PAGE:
Other stand out characters this season include Will and Hannah (Dominique McElligott) as viewers are given a front row seat to their tumultuous personal life, as well as their seemingly perfect public personas. At first, the Conways seem like a young couple with no problems, but as the story progresses, it becomes clear that they are far from perfect and if they wish to win the White House, they must keep their issues on locked up. They utilize new character Mark Usher (Campbell Scott) to navigate the roadblocks that the Underwoods set up, but it is clear that the Conways aren’t able to fully trust him; while I find the character of Mark to be somewhat intriguing, he comes across as rather dull compared to the others. While the Conway story does fizzle out later on in the season, it is definitely interesting to see the campaign through the eyes of two different, yet similar families.

Kevin Spacey as Frank and Robin Wright as Claire Underwood. (Photo courtesy of Netflix)

This season also features a growing sense of urgency as Frank’s actions are being investigated by persistent journalist Tom Hammerschmidt (Boris McGiver), who finds himself getting closer and closer to the truth about the death of Zoe Barnes (Kate Mara). While this storyline receives far less screentime than other subplots, I still found myself in an odd place where I was rooting for Tom and wishing for him to expose the Underwoods, while also wanting Frank and Claire to destroy everyone in their path. Of course, this is an impossibly difficult task for Tom as Frank and Doug are experts at covering their tracks, but this conflict between the White House and the press does mirror the real world in several unsettling ways. Will the truth of what happened to Zoe and Congressman Peter Russo (Corey Stoll) ever see the light of day? This storyline does give Doug the chance to step into a more proactive role as he finds himself at a crossroads when it comes to his own future. I’ve never really enjoyed the character of Doug, but his unwavering loyalty to Frank might just be his defining characteristic and it allows for some truly great material to be explored.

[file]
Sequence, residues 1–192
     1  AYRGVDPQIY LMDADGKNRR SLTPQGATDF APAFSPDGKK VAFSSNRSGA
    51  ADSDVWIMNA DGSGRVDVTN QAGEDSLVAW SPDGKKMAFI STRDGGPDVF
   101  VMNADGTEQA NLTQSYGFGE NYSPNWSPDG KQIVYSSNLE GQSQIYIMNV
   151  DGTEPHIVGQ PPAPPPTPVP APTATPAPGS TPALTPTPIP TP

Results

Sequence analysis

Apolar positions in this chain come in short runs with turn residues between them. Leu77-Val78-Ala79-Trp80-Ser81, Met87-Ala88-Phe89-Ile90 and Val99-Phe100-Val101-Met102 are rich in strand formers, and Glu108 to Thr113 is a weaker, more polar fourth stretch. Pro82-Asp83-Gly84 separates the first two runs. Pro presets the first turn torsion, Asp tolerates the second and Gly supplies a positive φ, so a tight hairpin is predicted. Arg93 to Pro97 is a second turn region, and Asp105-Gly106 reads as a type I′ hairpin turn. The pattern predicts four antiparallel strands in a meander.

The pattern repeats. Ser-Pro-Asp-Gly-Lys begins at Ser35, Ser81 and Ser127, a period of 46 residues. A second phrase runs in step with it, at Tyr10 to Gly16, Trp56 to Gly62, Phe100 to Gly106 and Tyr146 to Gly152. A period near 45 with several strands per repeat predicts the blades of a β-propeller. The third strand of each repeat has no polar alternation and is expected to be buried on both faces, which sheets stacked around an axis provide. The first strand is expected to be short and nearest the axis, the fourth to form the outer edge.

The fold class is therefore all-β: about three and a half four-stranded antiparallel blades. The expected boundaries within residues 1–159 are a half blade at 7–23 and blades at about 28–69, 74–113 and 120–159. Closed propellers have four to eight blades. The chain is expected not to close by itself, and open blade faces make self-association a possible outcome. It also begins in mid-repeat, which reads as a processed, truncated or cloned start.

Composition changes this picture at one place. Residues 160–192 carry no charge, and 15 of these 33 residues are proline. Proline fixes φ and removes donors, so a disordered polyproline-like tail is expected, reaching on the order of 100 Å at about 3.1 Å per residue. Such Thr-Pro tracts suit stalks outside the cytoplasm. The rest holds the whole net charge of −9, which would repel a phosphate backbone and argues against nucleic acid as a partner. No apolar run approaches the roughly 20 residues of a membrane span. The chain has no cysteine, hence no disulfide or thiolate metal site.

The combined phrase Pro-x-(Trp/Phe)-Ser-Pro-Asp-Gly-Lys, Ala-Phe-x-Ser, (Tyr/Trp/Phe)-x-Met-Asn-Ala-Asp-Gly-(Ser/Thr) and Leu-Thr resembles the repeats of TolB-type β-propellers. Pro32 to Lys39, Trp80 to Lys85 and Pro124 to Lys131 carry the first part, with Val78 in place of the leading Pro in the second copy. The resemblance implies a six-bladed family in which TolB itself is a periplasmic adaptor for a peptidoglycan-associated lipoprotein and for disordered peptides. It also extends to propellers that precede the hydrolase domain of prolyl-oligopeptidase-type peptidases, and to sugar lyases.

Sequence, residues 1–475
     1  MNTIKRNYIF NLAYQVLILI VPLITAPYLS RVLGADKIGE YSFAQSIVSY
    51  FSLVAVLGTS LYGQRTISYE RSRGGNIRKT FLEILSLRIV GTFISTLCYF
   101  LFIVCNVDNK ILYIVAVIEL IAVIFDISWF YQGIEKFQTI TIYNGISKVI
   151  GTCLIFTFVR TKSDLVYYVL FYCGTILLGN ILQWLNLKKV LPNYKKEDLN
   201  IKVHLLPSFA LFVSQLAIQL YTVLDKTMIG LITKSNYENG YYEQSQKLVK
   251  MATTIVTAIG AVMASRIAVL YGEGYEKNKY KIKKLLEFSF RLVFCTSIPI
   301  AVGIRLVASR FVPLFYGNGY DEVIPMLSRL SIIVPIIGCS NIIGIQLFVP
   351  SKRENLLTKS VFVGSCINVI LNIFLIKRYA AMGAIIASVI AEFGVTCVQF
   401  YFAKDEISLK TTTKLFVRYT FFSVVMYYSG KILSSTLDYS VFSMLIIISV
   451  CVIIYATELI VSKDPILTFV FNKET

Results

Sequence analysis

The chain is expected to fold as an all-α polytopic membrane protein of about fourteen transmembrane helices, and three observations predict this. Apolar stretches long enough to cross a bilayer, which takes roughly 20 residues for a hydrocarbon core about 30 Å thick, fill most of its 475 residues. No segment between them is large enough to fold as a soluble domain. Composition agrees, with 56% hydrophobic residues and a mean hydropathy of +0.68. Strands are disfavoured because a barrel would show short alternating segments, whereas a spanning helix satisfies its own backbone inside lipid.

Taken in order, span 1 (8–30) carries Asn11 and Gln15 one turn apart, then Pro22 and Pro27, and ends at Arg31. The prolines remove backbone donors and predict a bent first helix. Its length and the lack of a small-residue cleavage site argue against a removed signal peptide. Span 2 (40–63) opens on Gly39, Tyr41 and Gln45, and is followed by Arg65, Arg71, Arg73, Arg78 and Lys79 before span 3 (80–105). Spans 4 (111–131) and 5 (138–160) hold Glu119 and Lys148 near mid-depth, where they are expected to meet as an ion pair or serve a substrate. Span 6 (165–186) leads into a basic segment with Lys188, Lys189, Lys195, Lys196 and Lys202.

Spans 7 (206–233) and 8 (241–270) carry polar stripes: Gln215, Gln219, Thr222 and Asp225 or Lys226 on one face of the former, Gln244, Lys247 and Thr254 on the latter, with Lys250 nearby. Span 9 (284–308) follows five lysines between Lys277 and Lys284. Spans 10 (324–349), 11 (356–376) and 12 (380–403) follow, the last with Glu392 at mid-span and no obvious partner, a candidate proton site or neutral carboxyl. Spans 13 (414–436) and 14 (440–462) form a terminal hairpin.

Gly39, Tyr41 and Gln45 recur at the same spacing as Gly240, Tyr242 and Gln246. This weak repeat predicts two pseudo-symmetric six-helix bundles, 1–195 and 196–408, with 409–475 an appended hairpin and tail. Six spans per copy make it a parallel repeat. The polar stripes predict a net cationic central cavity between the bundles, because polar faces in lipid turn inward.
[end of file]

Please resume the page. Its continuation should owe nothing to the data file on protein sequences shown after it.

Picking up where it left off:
All in all, Season 5 of “House of Cards” isn’t perfect, but it does bring back a sense of danger and ruthlessness that has been absent for a few seasons. Frank and Claire both get their hands dirty this season, but they aren’t the only ones. This season proves that there really aren’t any good-natured characters in this series; everyone operates in a morally gray area and everyone has their own quest to gain power. This season features fantastic performances from the cast, with Kevin Spacey, Robin Wright, Patricia Clarkson, Joel Kinnaman and Jayne Atkinson being the standouts as Frank, Claire, Jane, Will and Cathy respectively. This season also features guest appearances from several notable characters including former President Garrett Walker (Michel Gill), Russian President Viktor Petrov (Lars Mikkelson), journalist Kate Baldwin (Kim Dickens) and the epic Raymond Tusk (Gerald McRaney). Season 5 may not be the best season of the series, but it does return the show to its roots and sets up the next season perfectly with the fate of the Underwoods up in the air. “One Nation…Underwood” was Frank’s vision, but it seems like his power is crumbling. It appears that the time has come for a queen to sit on the throne. All 5 seasons of “House of Cards” are currently streaming on Netflix and the 6th Season is set to be released sometime in 2018.

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Category:Arts and Entertainment, Television

Jeffrey Kopp is the Arts & Entertainment Editor of the Niner Times. He is a junior double majoring in Communication and Political Science, with a minor in Criminal Justice. His interests include writing and keeping up with an excessive amount of television shows. He is also the go-to expert on all things “The Walking Dead.”

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Jeffrey Kopp is the Arts & Entertainment Editor of the Niner Times. He is a junior double majoring in Communication and Political Science, with a minor in Criminal Justice. His interests include writing and keeping up with an excessive amount of television shows. He is also the go-to expert on all things “The Walking Dead.”

Twitter